Open Access Research article

Expressing one’s feelings and listening to others increases emotional intelligence: a pilot study of Asian medical students

Keiko Abe12, Phillip Evans3*, Elizabeth J Austin4, Yasuyuki Suzuki1, Kazuhiko Fujisaki1, Masayuki Niwa1 and Muneyoshi Aomatsu2

Author Affiliations

1 Medical Education Development Centre, Gifu University School of Medicine, Gifu, Japan

2 Department of Education for Community-Oriented Medicine, Nagoya University Graduate School of Medicine, Nagoya, Japan

3 School of Medicine, College of Medical, Veterinary and Life Sciences, University of Glasgow, Glasgow, UK

4 Psychology, University of Edinburgh, Edinburgh, UK

For all author emails, please log on.

BMC Medical Education 2013, 13:82  doi:10.1186/1472-6920-13-82

Published: 7 June 2013



There has been considerable interest in Emotional Intelligence (EI) in undergraduate medical education, with respect to student selection and admissions, health and well-being and academic performance. EI is a significant component of the physician-patient relationship. The emotional well-being of the physician is, therefore, a significant component in patient care. The aim is to examine the measurement of TEIQue-SF in Asian medical students and to explore how the practice of listening to the feelings of others and expressing one’s own feelings influences an individual’s EI, set in the context of the emotional well-being of a medical practitioner.


A group of 183 international undergraduate medical students attended a half-day workshop (WS) about mental-health and well-being. They completed a self-reported measure of EI on three occasions, pre- and post-workshop, and a 1-year follow-up.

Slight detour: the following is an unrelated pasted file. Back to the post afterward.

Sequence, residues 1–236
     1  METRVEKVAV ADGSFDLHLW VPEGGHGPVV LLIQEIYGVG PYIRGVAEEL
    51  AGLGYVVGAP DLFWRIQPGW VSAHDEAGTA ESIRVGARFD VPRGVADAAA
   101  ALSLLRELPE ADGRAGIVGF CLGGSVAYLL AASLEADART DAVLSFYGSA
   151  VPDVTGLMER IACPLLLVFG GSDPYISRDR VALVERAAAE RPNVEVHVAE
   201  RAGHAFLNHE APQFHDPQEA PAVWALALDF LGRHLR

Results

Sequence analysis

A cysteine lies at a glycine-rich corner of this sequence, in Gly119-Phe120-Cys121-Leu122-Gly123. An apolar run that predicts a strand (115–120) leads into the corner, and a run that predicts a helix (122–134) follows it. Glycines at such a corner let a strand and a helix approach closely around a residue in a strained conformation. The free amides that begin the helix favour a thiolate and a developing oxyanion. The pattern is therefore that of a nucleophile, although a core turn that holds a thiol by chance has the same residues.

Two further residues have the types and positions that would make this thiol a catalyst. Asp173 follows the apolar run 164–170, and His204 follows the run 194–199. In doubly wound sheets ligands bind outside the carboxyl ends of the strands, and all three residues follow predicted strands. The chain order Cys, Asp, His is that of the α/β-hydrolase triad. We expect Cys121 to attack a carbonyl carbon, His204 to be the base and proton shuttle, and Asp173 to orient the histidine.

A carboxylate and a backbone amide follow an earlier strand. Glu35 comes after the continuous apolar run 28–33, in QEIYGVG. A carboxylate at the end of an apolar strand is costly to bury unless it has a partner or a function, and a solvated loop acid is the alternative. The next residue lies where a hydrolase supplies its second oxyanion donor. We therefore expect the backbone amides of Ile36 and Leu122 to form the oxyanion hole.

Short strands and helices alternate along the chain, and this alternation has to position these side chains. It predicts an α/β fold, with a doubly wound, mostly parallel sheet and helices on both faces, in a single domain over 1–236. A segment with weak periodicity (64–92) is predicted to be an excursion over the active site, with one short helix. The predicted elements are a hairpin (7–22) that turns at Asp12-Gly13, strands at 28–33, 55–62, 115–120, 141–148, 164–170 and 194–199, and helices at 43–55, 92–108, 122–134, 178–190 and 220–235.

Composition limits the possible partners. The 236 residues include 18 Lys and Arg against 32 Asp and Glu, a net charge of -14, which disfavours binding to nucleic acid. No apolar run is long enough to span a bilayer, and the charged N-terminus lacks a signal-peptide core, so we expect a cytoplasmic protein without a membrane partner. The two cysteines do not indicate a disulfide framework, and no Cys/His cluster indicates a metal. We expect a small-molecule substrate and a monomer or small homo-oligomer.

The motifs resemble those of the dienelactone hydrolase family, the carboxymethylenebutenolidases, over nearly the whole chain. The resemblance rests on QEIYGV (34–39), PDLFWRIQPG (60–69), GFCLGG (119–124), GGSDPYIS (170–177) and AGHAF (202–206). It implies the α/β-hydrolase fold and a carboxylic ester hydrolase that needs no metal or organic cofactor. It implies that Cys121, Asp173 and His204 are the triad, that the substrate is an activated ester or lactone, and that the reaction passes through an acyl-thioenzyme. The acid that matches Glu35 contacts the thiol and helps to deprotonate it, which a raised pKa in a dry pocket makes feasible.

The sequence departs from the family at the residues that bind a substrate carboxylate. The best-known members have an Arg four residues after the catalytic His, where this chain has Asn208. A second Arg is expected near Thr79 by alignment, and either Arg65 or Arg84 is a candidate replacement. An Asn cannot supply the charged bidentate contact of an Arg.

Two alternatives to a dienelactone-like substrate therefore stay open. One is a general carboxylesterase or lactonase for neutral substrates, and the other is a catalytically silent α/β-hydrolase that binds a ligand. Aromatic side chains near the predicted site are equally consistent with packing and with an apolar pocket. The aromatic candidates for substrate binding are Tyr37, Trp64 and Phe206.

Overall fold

The reliability of TEIQue-SF was high and the reliabilities of its four factors were acceptable. There were strong correlations between the TEIQue-SF and personality traits. A paired t-test indicated significant positive changes after the WS for all students (n=181, p= .014), male students (n=78, p= .015) and non-Japanese students (n=112, p= .007), but a repeated measures analysis showed that one year post-workshop there were significant positive changes for all students (n=55, p= .034), female students (n=31, p= .007), especially Japanese female students (n=13, p= .023). Moreover, 80% of the students reported that they were more attentive listeners, and 60% agreed that they were more confident in dealing with emotional issues, both within themselves and in others, as a result of the workshop.


This study found the measurement of TEIQue-SF is appropriate and reliable to use for Asian medical students. The mental health workshop was helpful to develop medical students’ EI but showed different results for gender and nationality. The immediate impact on the emotional awareness of individuals was particularly significant for male students and the non-Japanese group. The impact over the long term was notable for the significant increase in EI for females and Japanese. Japanese female students were more conscious about emotionality. Emotion-driven communication exercises might strongly influence the development of students’ EI over a year.

Emotional Intelligence (EI); Personality trait; Asian medical students; Nationality; Gender